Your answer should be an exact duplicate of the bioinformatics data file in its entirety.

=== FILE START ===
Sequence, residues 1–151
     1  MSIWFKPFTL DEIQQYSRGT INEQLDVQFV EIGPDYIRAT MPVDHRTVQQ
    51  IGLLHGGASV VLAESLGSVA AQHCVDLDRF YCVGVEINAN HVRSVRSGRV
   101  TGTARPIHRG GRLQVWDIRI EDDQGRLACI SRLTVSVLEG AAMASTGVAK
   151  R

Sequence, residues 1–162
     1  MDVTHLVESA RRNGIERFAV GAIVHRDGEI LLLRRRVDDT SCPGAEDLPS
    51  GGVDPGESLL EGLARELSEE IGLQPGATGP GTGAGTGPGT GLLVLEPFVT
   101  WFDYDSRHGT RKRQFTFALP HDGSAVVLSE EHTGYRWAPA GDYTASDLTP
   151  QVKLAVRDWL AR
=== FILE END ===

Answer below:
Sequence, residues 1–151
     1  MSIWFKPFTL DEIQQYSRGT INEQLDVQFV EIGPDYIRAT MPVDHRTVQQ
    51  IGLLHGGASV VLAESLGSVA AQHCVDLDRF YCVGVEINAN HVRSVRSGRV
   101  TGTARPIHRG GRLQVWDIRI EDDQGRLACI SRLTVSVLEG AAMASTGVAK
   151  R

Sequence, residues 1–162
     1  MDVTHLVESA RRNGIERFAV GAIVHRDGEI LLLRRRVDDT SCPGAEDLPS
    51  GGVDPGESLL EGLARELSEE IGLQPGATGP GTGAGTGPGT GLLVLEPFVT
   101  WFDYDSRHGT RKRQFTFALP HDGSAVVLSE EHTGYRWAPA GDYTASDLTP
   151  QVKLAVRDWL AR